6. Action your marketing plan (continued)Tips for choosing your channelsFor the best results, adopt a methodicalapproach to deciding which channels to useand why. Consider the following as you writeyour marketing plan.Your target market: Who are they and howdo they get most of their information? Don’twaste money on a print advertising campaignif your target market is mostly online.Have a coordinated strategy: The moreoften potential customers see your message,the greater the impact. If they see a printadvertisement, your business name appearsin their Facebook feed and they then hear acolleague mention it, people will start topay attention.Successful businesses let theircustomers do the talking for them.Happy customers spread the word andencourage their friends and family touse your business. Good customerservice includes promptly respondingto queries, resolving issues, using easytransaction processes and providing aquality product or service.Focus your efforts: Don’t try to use all thesocial media options, focus on those that willprovide the best results.Don’t give up: Relationships take time to build.Social media relationships need to be built andconsistently maintained.Monitor results: Monitor and analyse yourmarketing activities, there is no pointrepeating them and spending money if they’renot working.7. Monitor and manage your marketingIt is important to regularly monitorand review your marketing activities todetermine whether they are achievingthe desired outcome. This could includereviewing sales figures on a regular basisor monitoring customer activity during anadvertising campaign.When to monitorInitially you should review your marketing planevery three months to make sure the activitiesare supporting your overall strategy. Onceyour business becomes more established,review your plan when you introduce a newproduct or service, if a competitor enters themarket or if an issue arises that affects yourindustry.Methods and monitoringYour channels will determine how you monitoryour marketing activities. In each case, the keyinformation you need to know is: How did your customers find out about you?Why do they prefer your product or service?What, if anything, could be improved?We provide a range of workshops to help youto market your business, covering websitedevelopment, SEO, social media and digitalmarketing.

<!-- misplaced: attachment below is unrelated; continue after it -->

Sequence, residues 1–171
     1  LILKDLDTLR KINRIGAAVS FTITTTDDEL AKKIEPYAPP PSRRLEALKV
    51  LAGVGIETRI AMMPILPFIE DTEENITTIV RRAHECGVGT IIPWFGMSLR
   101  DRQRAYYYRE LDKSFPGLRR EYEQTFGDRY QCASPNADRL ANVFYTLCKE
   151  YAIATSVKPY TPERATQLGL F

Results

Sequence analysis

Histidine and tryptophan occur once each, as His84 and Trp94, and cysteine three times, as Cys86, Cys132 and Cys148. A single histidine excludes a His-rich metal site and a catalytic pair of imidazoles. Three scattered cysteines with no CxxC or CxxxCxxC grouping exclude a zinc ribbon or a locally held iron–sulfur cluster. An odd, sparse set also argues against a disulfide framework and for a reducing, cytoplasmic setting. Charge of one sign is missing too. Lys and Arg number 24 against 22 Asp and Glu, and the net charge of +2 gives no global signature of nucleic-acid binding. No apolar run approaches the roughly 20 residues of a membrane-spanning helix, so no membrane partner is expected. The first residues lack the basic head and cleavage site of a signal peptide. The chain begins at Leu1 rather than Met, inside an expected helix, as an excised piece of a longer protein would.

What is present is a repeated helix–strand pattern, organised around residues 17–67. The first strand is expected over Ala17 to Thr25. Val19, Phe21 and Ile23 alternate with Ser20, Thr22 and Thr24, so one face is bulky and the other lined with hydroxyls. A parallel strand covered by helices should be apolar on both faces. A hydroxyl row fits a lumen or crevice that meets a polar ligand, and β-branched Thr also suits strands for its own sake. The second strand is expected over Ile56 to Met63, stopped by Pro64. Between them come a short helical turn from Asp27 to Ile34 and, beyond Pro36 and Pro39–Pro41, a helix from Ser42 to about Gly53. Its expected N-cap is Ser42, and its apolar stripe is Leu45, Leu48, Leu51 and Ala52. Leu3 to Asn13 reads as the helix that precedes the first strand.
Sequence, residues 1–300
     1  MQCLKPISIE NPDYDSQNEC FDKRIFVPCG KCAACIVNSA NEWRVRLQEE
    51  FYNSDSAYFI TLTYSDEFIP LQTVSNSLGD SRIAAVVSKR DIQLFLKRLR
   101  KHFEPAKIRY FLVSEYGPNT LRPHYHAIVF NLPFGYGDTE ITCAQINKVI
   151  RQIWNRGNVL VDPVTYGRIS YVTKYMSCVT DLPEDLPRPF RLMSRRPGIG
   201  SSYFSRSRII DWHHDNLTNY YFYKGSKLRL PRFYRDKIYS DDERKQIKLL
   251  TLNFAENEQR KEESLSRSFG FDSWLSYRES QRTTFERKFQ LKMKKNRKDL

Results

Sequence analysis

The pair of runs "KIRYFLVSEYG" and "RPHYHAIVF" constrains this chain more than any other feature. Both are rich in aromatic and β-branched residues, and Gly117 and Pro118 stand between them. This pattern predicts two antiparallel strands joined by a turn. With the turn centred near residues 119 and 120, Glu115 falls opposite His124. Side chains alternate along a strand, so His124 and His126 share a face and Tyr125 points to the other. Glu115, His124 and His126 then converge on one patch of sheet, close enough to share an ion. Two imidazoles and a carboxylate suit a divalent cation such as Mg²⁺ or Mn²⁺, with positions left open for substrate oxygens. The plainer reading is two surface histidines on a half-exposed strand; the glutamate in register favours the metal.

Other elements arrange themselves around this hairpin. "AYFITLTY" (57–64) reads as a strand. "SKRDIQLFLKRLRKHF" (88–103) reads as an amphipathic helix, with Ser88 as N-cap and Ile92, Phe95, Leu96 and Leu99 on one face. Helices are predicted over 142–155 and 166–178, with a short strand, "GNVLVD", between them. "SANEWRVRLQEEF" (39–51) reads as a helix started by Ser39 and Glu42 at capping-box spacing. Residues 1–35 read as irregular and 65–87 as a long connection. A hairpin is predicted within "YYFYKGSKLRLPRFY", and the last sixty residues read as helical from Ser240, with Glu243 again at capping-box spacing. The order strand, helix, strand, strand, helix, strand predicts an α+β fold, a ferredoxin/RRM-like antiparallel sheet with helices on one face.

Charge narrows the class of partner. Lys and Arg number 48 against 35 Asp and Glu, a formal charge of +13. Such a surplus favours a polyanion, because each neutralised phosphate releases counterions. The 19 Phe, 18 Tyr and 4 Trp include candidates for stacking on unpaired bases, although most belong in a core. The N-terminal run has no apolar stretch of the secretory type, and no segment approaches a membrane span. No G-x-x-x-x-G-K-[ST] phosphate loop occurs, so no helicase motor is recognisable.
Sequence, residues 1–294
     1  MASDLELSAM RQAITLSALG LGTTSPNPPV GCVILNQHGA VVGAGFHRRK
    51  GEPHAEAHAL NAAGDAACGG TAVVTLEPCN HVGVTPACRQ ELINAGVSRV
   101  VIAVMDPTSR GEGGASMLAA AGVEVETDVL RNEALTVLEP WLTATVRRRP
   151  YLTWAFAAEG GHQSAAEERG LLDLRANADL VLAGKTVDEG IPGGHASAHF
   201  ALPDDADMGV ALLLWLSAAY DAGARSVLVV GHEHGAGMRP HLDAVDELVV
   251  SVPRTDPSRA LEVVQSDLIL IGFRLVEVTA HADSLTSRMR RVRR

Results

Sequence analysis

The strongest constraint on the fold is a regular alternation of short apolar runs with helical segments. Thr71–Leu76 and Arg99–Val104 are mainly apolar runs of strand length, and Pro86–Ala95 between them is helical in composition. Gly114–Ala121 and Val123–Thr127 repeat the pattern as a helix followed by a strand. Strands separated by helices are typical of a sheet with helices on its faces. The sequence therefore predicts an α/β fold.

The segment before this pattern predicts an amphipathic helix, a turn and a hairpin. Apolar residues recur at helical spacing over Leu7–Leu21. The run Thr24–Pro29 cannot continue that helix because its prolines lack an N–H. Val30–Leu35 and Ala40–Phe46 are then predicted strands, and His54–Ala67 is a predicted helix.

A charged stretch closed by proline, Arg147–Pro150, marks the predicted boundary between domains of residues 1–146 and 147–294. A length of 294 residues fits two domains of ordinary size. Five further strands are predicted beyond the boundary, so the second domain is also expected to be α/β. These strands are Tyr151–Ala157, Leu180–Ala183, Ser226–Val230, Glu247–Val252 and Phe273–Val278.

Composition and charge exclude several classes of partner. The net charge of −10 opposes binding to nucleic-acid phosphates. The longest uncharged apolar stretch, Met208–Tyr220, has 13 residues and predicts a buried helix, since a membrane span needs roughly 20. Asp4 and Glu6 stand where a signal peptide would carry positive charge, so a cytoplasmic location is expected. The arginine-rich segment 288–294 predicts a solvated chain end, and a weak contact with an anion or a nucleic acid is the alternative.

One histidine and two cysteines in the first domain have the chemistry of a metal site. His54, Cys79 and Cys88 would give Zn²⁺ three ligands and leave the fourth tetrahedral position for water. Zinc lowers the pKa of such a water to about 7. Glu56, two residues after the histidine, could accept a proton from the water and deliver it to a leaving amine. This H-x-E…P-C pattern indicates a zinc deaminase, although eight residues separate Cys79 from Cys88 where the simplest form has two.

ChannelWebsiteOutcomeSet a regular time each week to assess your website’s performance. Review: volume of web traffic how long users stay on your website which pages are most popular if users visit at specific times or days source of traffic, including search engines and social media the routes users take to reach your site and devices they use your customer conversion (sales, downloads, blog reads etc.) entry pages (where people are first entering your site) exit pages (the pages people are leaving your site from) which browsers are being used to access your websiteGoogle Analytics is a free tool and can be embedded into most websites.Social media andonline marketingThere are many options to monitor social media results. Most social mediacome with built-in analytics.

Develop your marketing plan 6. Action your marketing plan 7. Monitor and manage your marketing Steps to marketing your business A practical guide to Marketing and branding 1. Conduct market research Market research is a key part of developing your marketing strategy. It’s about collecting information that provides an insight into your customers’ minds so you understand what they want, how .